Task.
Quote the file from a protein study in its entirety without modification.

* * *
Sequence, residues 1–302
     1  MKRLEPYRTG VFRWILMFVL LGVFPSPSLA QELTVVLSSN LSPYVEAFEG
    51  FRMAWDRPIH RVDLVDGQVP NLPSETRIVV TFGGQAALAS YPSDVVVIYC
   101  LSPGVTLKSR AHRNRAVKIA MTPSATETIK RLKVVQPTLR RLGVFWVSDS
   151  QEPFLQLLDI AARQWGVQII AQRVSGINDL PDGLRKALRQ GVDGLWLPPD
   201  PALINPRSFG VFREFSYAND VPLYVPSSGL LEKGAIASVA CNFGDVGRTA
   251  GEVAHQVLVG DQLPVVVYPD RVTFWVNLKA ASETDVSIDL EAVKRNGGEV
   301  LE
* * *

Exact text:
Sequence, residues 1–302
     1  MKRLEPYRTG VFRWILMFVL LGVFPSPSLA QELTVVLSSN LSPYVEAFEG
    51  FRMAWDRPIH RVDLVDGQVP NLPSETRIVV TFGGQAALAS YPSDVVVIYC
   101  LSPGVTLKSR AHRNRAVKIA MTPSATETIK RLKVVQPTLR RLGVFWVSDS
   151  QEPFLQLLDI AARQWGVQII AQRVSGINDL PDGLRKALRQ GVDGLWLPPD
   201  PALINPRSFG VFREFSYAND VPLYVPSSGL LEKGAIASVA CNFGDVGRTA
   251  GEVAHQVLVG DQLPVVVYPD RVTFWVNLKA ASETDVSIDL EAVKRNGGEV
   301  LE